Table 2—

Overall and urbanization status-specific incidence densities and relative hazards of nontransport accident hip fracture (ICD-9 820) in the diabetic and control groups

Variables*Control group
Diabetic group
Adjusted HR (95% CI) in association with diabetic group
No. of patientsNo. of eventsID (per 1,000 patient-years) (95% CI)No. of patientsNo. of eventsID (per 1,000 patient-years) (95% CI)
Men
    Urban areas149,1951,7912.61 (2.49–2.73)152,2462,3783.07 (2.94–3.19)1.22 (1.14–1.29)§
    Rural areas75,0858012.24 (2.08–2.39)72,0321,0512.87 (2.69–3.04)1.43 (1.30–1.56)§
    Total227,3032,6242.48 (2.38–2.57)227,2893,4602.99 (2.89–3.09)1.28 (1.21–1.34)
Women
    Urban areas166,4573,2514.21 (4.07–4.36)166,7145,8106.70 (6.53–6.88)1.67 (1.60–1.74)§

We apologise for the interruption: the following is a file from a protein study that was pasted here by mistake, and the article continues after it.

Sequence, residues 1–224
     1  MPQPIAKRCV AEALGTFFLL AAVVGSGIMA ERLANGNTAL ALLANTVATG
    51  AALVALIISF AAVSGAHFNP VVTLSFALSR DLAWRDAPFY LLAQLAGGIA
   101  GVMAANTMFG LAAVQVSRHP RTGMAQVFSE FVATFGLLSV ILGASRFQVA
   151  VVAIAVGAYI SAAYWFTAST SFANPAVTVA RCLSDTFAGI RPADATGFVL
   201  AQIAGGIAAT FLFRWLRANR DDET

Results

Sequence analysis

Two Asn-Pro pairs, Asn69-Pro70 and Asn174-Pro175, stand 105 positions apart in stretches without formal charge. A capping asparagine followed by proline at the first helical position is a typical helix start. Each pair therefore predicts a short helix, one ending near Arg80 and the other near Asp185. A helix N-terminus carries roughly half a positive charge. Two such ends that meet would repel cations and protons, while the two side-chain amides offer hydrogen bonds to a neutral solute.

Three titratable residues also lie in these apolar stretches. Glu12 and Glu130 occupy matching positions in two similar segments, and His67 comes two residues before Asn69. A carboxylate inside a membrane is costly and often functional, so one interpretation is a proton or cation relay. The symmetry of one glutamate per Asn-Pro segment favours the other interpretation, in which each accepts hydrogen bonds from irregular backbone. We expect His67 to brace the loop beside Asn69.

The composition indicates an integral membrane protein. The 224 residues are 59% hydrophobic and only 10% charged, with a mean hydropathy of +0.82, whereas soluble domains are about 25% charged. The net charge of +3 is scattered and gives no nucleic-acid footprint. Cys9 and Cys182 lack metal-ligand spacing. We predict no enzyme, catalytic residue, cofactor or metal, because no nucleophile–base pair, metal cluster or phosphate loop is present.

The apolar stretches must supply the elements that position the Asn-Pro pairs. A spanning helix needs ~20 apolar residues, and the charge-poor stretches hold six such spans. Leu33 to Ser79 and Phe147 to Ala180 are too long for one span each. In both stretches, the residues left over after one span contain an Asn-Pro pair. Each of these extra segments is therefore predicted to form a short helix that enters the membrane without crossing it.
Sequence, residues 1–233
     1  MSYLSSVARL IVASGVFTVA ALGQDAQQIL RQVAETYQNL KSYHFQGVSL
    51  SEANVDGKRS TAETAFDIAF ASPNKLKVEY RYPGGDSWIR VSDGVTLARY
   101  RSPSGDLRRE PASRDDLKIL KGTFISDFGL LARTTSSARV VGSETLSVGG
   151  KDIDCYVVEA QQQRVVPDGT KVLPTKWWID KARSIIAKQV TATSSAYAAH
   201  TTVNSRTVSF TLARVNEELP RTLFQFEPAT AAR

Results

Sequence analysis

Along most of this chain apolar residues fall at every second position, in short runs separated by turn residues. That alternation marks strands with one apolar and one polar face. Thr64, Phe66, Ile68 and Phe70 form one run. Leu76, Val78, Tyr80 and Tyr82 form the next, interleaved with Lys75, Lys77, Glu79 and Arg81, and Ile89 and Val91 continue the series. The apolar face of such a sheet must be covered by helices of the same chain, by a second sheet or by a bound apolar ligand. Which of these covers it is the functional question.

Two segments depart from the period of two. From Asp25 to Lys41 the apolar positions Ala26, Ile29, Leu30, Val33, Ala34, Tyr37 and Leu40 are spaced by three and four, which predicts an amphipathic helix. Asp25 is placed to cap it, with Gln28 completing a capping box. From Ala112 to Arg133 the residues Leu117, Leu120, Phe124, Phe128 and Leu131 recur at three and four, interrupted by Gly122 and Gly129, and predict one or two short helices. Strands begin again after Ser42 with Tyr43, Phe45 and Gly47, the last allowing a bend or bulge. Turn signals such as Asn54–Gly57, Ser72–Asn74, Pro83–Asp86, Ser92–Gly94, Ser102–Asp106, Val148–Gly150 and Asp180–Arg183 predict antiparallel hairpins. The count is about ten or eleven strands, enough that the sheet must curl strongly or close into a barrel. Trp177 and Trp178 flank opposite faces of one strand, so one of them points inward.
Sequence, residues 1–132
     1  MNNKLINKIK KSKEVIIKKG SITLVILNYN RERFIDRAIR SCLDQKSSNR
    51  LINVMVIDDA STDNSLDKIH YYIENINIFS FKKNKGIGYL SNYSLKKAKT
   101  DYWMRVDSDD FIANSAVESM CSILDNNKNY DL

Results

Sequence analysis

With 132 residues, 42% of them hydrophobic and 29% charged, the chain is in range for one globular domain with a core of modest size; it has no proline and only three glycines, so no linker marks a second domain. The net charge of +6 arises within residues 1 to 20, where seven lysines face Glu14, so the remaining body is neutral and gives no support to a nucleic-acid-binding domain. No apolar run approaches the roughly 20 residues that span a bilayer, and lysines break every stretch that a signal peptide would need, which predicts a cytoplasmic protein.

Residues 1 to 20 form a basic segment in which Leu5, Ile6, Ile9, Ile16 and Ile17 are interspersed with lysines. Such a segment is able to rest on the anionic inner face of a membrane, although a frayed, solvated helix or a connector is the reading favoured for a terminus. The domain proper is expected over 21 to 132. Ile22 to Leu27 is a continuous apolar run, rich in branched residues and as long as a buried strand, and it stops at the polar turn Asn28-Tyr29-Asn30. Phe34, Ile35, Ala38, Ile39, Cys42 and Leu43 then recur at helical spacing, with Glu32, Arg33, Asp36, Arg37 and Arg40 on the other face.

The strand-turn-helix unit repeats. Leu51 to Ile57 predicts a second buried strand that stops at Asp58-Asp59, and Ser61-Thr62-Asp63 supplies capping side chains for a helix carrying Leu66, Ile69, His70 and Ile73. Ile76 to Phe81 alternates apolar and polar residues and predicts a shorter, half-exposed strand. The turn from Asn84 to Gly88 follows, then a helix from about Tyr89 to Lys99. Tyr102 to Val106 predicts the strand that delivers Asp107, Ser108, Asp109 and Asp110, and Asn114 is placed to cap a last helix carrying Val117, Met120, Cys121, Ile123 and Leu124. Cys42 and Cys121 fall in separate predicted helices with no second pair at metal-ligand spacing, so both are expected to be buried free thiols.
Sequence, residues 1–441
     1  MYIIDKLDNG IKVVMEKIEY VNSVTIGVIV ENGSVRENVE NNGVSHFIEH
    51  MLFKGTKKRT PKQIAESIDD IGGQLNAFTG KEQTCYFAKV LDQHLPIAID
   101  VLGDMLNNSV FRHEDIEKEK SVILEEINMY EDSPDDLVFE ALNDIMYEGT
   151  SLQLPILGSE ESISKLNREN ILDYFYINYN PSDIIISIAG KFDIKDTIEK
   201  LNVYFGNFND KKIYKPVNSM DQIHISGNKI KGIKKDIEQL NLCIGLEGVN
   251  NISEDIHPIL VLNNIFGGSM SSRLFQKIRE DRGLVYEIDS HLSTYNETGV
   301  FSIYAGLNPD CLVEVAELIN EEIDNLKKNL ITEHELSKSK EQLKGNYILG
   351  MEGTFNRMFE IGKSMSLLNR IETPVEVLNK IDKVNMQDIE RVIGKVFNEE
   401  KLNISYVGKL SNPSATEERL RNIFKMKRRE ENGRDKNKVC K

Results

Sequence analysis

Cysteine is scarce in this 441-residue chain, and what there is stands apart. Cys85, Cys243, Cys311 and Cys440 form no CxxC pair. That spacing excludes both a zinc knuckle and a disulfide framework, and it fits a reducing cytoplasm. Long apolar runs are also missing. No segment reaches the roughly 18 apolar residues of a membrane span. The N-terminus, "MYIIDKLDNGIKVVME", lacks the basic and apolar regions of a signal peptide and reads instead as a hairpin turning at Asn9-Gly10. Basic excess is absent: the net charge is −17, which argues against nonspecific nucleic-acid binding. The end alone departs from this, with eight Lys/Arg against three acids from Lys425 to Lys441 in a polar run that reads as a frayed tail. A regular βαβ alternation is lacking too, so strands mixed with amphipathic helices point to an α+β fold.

Rural areas87,8441,8074.21 (4.02–4.40)87,3213,0906.80 (6.56–7.04)1.82 (1.72–1.93)§
    Total255,7315,1174.20 (4.09–4.32)257,4989,0196.74 (6.60–6.88)1.72 (1.66–1.78)
  • * Inconsistency between total population and population summed for individual variable is due to missing information.

  • Based on Poisson assumption, ID, incidence density.

  • Based on Cox proportional hazard regression model; P value for the interaction between diabetes and urbanization status was 0.0053 and 0.0248 for men and women, respectively.

  • § Adjusted for age as a continuous variable and geographic area.

  • Adjusted for age as a continuous variable, geographic area, and urbanization status.